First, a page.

Of course, some teams are much further down the track than that - coming off a platform of an established sailing and sponsorship program - enabling AC72 design programs to be initiated last October. That is their gain, and they will also be allowed to retain any sponsor contractual commitments they have in regard to launch and sailing of AC72's.
Two bites of the Cup cherry
Besides the extra wriggle-room in terms of costs, another big gain for the new teams is that the changes will allow the creation of a two-Cup strategy.
In other words a new team forming and facing the Herculean task of turning in a first-up Cup winning performance will now be able to promote themselves to potential backers as being in the game for the next two cycles.
The first stage of this strategy will be to compete on the AC45 series – of which there are three events scheduled for 2011, seven for 2012 and another three for 2013 – the year of the 34th America’s Cup.
If the team can get together sufficient funding for their AC45 program, they can continue through that series only. The television coverage and sponsorship opportunities should be sufficient for that program to 'wash its face' or break-even.
Depending on finance and fortunes, given that a good initial showing in the racing program would attract sufficient backing to allow the team to continue or expand, the new team could either purchase the standard AC72 design package and build a standard boat, or two, for the 34th America’s Cup.
That approach would be unlikely to be sufficient to win the America’s Cup, but it would certainly be a big step towards a full blown campaign for the 35th America’s Cup.
One of the points of interest in the 34th America's Cup will be who can be the top team using the standard package. That will really show which team has the sailing ability to compete with the fully funded, more experienced teams, and will show to sponsors that they will be a sound investment for the 35th America's Cup.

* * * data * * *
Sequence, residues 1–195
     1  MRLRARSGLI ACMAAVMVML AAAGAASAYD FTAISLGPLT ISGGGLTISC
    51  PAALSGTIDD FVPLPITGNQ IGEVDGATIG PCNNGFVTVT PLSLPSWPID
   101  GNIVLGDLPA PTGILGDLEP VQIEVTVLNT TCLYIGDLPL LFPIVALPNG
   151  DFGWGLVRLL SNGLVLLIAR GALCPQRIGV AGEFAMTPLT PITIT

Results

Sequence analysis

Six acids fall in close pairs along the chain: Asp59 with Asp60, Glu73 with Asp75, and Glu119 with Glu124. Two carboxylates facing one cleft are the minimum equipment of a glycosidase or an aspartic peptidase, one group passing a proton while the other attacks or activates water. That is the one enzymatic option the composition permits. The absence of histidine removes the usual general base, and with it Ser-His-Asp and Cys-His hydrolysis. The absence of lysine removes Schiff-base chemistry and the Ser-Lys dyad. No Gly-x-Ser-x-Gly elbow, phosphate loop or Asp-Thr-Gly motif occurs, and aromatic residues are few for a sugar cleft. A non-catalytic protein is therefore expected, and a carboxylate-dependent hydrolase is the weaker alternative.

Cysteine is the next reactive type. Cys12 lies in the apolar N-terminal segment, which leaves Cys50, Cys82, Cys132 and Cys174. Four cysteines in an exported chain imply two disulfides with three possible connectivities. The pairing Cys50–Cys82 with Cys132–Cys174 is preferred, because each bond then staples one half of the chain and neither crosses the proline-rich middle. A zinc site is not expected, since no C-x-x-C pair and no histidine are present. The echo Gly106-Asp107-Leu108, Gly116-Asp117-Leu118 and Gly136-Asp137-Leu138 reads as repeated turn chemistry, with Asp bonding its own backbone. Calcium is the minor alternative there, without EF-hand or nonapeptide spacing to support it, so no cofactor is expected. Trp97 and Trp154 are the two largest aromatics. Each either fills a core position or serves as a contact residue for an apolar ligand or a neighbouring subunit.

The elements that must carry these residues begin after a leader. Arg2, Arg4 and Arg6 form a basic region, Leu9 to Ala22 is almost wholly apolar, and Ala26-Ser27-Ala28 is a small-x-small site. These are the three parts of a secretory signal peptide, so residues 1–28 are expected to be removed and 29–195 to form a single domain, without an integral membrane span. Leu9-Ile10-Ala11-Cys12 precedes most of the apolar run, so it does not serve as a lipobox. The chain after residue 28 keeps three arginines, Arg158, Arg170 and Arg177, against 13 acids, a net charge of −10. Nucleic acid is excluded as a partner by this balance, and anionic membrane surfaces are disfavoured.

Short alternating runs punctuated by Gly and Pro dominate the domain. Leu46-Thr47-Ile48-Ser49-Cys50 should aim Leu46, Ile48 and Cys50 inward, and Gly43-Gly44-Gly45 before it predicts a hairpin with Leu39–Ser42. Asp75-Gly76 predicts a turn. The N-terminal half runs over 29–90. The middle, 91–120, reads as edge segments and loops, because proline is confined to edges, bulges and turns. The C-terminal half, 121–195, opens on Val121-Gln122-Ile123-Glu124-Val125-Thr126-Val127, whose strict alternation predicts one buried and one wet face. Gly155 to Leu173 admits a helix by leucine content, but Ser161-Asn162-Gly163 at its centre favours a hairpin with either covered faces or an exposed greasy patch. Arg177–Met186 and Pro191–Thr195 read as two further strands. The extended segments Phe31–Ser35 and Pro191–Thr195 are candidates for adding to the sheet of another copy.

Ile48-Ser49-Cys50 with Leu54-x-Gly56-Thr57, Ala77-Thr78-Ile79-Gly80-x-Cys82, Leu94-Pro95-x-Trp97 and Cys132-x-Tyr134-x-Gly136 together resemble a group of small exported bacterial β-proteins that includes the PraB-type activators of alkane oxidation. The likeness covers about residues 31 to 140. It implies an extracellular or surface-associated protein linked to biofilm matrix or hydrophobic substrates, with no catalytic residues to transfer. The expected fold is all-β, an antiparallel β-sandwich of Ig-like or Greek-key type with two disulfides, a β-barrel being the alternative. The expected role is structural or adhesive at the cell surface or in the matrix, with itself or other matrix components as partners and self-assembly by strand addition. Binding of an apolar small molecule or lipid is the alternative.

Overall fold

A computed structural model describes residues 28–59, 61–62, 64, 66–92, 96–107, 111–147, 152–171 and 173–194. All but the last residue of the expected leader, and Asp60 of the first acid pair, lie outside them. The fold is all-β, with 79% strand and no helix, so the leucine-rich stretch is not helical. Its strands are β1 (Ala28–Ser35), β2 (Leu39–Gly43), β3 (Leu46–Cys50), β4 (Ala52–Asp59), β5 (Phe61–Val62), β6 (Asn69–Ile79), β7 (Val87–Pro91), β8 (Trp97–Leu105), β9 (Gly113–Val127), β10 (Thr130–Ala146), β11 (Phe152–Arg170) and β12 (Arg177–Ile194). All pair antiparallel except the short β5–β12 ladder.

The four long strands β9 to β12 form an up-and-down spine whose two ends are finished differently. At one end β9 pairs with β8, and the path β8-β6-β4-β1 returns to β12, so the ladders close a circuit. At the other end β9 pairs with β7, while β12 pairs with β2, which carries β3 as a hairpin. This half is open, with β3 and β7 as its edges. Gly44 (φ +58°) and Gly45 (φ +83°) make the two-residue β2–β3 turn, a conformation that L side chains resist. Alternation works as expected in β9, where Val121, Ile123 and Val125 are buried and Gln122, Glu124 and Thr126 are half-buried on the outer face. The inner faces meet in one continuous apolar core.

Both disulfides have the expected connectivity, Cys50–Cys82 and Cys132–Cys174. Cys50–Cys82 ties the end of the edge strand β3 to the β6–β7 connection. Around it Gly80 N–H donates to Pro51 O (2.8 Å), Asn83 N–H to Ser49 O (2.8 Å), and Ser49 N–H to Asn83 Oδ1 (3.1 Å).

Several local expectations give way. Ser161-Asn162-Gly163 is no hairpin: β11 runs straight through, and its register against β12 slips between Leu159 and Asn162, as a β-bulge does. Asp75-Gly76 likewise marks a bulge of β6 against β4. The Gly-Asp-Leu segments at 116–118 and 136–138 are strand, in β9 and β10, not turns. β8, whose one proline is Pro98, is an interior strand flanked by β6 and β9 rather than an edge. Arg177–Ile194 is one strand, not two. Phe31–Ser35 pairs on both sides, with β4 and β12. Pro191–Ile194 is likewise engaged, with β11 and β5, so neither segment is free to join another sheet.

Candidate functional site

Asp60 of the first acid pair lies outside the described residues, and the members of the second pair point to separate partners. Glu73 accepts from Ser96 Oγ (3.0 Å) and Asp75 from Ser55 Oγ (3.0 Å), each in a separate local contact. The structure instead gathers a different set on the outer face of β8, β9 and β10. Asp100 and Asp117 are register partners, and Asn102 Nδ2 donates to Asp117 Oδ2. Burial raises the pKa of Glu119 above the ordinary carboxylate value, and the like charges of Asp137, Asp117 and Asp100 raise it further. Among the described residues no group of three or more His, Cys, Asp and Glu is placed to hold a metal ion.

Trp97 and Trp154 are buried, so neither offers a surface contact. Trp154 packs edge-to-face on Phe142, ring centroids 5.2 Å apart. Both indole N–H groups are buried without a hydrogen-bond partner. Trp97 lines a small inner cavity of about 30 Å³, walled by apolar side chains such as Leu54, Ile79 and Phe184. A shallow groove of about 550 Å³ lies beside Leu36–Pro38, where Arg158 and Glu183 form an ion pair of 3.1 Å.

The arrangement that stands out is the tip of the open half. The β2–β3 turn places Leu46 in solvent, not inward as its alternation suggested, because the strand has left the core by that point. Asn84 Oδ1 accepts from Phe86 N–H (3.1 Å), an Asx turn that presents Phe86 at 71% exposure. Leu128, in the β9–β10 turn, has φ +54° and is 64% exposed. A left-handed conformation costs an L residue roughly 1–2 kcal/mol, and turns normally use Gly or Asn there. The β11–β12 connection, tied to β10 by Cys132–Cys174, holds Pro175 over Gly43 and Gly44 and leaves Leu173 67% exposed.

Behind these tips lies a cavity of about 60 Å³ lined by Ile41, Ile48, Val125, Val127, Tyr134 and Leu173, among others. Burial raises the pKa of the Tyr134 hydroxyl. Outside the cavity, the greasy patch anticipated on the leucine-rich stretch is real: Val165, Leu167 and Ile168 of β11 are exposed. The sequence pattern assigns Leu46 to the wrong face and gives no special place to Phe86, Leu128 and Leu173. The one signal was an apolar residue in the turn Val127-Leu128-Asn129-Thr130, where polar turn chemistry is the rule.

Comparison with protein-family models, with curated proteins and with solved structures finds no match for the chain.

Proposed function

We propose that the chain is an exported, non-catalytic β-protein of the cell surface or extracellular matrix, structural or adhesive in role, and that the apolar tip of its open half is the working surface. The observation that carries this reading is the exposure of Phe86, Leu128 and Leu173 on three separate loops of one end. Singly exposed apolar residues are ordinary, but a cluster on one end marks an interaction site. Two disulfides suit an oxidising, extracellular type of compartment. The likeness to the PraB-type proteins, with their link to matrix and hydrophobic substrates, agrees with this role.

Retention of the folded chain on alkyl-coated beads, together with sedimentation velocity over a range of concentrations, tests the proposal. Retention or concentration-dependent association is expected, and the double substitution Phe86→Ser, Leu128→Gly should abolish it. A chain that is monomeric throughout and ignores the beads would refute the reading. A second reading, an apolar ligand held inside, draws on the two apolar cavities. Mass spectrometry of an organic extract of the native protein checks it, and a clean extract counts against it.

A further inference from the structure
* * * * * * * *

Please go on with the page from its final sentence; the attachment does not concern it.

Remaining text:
At at a third level of competition, the new teams could step up into a full blown America’s Cup campaign for the 34th America’s Cup including the engagement of a substantial design team.
Pulling the Pin
Those teams who are currently dragging their feet will be finally shut out of the ACWS and America's Cup come 10 June 2011 – the time by which they will have had to pay a deposit on an AC45.
America’s Cup teams will have to sail in both the America’s Cup and America’s Cup World Series. However the way is now open for teams to drop out, without draconian penalty, after the conclusion of the ACWS.
An America’s Cup team cannot elect to bypass the ACWS and concentrate solely on the AC72 development, and then appear for the first time in the Louis Vuitton Cup.
The new arrangement also bypasses the need for stringent Surrogate Yacht rules, and these are now defined as any yacht from which technology is transferred to an AC72, provided it is more than 10 metres on length. Teams will be able to sail Extreme 40's, for instance, provided there is no technology transfer to an ASC72 program, and certain other criteria are met.